Mew Live In London

Danish alt-proggers dazzle Camden.

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Mew’s UK album chart positions – No.59 for their sixth and latest, +-, is their highest to date – don’t quite do justice to their fanbase: it’s like seeing a secret sect filing reverentially into the mighty, coliseum-like Roundhouse tonight. They have come in their legions to witness the return, after six years, of the Danish band categorised variously as ‘indie stadium’, a poppier Muse, the Danish Radiohead, A-ha gone prog metal, and My Bloody Valentine savaging the songbook of Prefab Sprout.

They don’t disappoint. Mew, dressed uniformly like meninblack, may not offer Muse-like levels of sci-fi spectacle, but they don’t have to: the pageantry and splendour are all in the music. There’s some fancy lighting, and in terms of stagecraft, guitarist Bo Madsen moves around a bit, while the bearded Johan Wohlert – back in the fold after an absence of seven years – does that legs-splayed bass-god thing, as patented by Joy Division/New Order’s Peter Hook.

But apart from that, it’s the combined performances of the musicians that dazzle. You find yourself craning your neck, gazing up at Jonas Bjerre’s soaring tenor and the edifices constructed by Madsen, Wohlert and drummer Silas Utke Graae Jørgensen: Mew are one of the few bands whose sculpted noise merits the epithet ‘sonic architecture’.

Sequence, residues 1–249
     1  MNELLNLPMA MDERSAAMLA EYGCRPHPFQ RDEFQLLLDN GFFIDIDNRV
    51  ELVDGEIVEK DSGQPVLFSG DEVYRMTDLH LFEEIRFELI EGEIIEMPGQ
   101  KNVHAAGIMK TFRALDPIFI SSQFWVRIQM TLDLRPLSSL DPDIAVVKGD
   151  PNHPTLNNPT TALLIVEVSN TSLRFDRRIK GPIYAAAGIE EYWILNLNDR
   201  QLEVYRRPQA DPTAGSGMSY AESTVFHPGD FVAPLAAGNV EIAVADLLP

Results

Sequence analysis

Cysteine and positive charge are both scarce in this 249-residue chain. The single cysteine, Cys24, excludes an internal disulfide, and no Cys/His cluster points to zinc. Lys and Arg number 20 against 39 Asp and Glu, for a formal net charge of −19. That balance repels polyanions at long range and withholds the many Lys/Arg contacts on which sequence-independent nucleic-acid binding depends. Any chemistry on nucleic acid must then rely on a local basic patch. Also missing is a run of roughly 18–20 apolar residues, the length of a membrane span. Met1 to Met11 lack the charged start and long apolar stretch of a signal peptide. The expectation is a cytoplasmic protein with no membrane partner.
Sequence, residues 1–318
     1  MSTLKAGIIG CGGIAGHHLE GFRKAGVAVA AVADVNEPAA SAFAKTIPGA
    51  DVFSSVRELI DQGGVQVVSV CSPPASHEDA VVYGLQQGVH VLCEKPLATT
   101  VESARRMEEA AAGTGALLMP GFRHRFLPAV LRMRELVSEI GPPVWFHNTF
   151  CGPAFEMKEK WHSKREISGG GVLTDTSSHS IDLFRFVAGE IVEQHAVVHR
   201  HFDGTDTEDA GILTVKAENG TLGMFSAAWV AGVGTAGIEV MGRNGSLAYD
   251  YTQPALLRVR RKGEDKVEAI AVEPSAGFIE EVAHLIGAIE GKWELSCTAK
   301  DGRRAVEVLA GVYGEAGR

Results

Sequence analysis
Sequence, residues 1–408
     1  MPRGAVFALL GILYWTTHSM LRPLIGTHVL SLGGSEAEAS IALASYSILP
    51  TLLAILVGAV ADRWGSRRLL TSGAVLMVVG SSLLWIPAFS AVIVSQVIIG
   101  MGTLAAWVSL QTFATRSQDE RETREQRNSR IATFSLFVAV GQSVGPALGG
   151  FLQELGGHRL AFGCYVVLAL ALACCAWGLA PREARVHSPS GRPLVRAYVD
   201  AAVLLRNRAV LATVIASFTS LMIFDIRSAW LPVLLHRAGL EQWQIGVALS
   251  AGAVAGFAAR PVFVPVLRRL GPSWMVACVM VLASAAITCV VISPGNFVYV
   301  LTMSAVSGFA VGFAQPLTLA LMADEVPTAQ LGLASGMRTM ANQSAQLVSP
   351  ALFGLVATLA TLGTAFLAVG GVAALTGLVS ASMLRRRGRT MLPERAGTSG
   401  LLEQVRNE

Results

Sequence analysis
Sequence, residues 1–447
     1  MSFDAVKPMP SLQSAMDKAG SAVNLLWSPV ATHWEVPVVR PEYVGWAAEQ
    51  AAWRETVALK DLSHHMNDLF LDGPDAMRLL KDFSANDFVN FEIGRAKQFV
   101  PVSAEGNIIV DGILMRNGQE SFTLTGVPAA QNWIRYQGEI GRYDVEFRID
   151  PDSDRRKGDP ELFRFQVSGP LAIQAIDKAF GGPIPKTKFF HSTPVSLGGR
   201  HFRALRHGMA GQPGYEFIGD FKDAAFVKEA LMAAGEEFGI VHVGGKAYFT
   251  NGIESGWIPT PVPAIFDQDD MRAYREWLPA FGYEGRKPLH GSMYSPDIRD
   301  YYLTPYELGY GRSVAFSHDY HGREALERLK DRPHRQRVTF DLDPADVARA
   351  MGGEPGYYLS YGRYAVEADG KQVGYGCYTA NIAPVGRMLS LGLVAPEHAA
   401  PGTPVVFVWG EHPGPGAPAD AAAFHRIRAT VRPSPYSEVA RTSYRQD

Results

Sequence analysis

Bjerre is about as far from the flamboyant rock figurehead as you can get: stood cautiously centre-stage, he seems uncomfortable, even frightened; indeed, at one point he admits that the band were “fucking scared” in anticipation of playing such a big, prestigious gig.

It’s the symphonic majesty of Snow Brigade, the sight of the singer caught amid the staccato artillery fire of the beats and bass, like a choirboy fronting a war machine, that stuns. The crowd, it must be said, are curiously static, although giving them the benefit of the doubt, that could be due to sheer awe.

If there is any criticism, it’s that the sound is somewhat on the blaring side: Mew’s rock is of the weightless, evanescent variety, simultaneously heavy and lighter than air, pure and pristine, but occasionally it gets muddied by a badly set up PA.

The audience are forgiving and bring Mew back on for two encores. My Complications is an epic of keening melody, all prog‑ish intricacy and tempo shifts, while Comforting Sounds is the inevitable nine-minute closer. It’s a forlorn epic, as intimate as it is immense, Bjerre’s angelic voice scaling new, piercingly poignant heights as the band unleash wave upon wave of grievously gorgeous sound. They take a bow and leave the stage to a drone because, well, what else is there left to say?

Paul Lester

Paul Lester is the editor of Record Collector. He began freelancing for Melody Maker in the late 80s, and was later made Features Editor. He was a member of the team that launched Uncut Magazine, where he became Deputy Editor. In 2006 he went freelance again and has written for The Guardian, The Times, the Sunday Times, the Telegraph, Classic Rock, Q and the Jewish Chronicle. He has also written books on Oasis, Blur, Pulp, Bjork, The Verve, Gang Of Four, Wire, Lady Gaga, Robbie Williams, the Spice Girls, and Pink.